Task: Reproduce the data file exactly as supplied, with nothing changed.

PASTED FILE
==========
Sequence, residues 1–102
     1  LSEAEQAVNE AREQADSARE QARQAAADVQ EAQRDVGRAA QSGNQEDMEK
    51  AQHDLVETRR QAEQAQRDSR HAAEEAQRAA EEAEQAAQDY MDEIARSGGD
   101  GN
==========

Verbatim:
Sequence, residues 1–102
     1  LSEAEQAVNE AREQADSARE QARQAAADVQ EAQRDVGRAA QSGNQEDMEK
    51  AQHDLVETRR QAEQAQRDSR HAAEEAQRAA EEAEQAAQDY MDEIARSGGD
   101  GN